Breast Cancer: Overview PDF  | Print |  E-mail
Despite recent medical findings and increased public awareness, breast cancer continues to be one of the leading causes of death among women.  While the causes and effects of breast cancer are more widely studied and discussed than ever before, many people are still unaware of exactly how the disease affects the body, and what can be done to prevent it.

To fully understand breast cancer, you must know the physical composition of the breast.  Breasts are masses of tissue that contain a number of lobes.  Each lobe consists of smaller lobules, containing the glands that produce milk.   The lobes generate the milk, which then travels through ducts and eventually to the nipple.  The breast also contains lymph nodes.  While not used in milk production, lymph nodes help to expel harmful bacteria, cancerous cells and other potentially dangerous entities.  Fatty tissues make up the remaining breast constitution.

With this very general understanding of the physical composition of breasts, it's a little easier to understand how cancerous cells can affect them.  Cells become cancerous when normal cells grow and divide improperly.  This can be due to the creation of new cells when the body does not find them necessary, or it can be caused by the extended life of old cells that the body expected to die.  These unnecessary cells will sometimes split and multiply, causing a growth or tumor.  

There are two types of tumors: malignant and benign.  Benign tumors are not cancerous, are rarely life threatening and can usually be removed.  Because benign tumors to not typically spread to other parts of the body, they are easy to contain.  Malignant tumors, on the other hand, present the formal term for cancer.  The risks caused by these growths can be extremely dire and while they can be surgically removed, they may grow back.  Cancerous masses or tumors can also spread or metastasize to other parts of the body, causing immense widespread trauma to overall health.

Breast cancer generally begins in the lymph nodes of the breast.  Once established, the cancer call spread throughout the body to the bones, liver, lungs and brain.  When this type of cancer spreads, it does not take on a new form of cancer.  It is simply a new infection of the same cancer, but in a different location within the body.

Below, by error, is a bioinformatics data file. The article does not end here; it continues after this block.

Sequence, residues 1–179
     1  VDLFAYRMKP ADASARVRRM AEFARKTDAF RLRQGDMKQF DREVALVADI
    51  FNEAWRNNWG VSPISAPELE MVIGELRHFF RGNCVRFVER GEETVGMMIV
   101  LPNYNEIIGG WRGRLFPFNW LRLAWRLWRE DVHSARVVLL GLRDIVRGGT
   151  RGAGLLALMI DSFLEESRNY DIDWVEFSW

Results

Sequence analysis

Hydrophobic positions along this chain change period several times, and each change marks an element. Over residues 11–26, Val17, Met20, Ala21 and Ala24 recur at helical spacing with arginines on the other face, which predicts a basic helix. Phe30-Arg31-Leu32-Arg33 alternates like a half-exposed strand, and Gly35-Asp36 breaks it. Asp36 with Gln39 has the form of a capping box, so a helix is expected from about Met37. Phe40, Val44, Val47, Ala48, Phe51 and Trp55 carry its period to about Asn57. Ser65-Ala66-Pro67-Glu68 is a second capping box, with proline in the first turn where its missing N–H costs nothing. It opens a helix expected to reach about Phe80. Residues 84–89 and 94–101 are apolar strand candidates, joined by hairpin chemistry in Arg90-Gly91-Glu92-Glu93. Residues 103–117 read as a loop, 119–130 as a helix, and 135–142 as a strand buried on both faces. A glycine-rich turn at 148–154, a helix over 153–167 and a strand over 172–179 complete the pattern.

Breast cancer most commonly occurs in women 40 years or older.  While younger women and even men may become afflicted with breast cancer, those women aged 40 and over must be particularly cautious.  Doctors recommend that women 40 and over should have a mammogram once per year.  Early detection is the key to surviving breast cancer; if the cancer is allowed enough time to metastasize, it can become a much more serious problem to contain.  Regular breast exams are also advised.  It takes just a few minutes for a doctor to perform this essential and potentially life-saving exercise.  Women should also perform breast self-examinations at home.  If you're not sure how to perform a self-exam, ask your doctor.

Common symptoms that may accompany breast cancer include a change in appearance of the nipple or the breast or nipple. The nipple may become inverted, turning inwards towards the breast, or the breast may suddenly change in size or shape.  Nipple discharge is another symptom of breast cancer.  If you have experienced any of these symptoms, see your doctor or health care professional immediately.

The best way to lessen the effects of breast cancer is through early diagnosis.  Learn to perform breast self-examination, and see your doctor for regular physical checkups.
 
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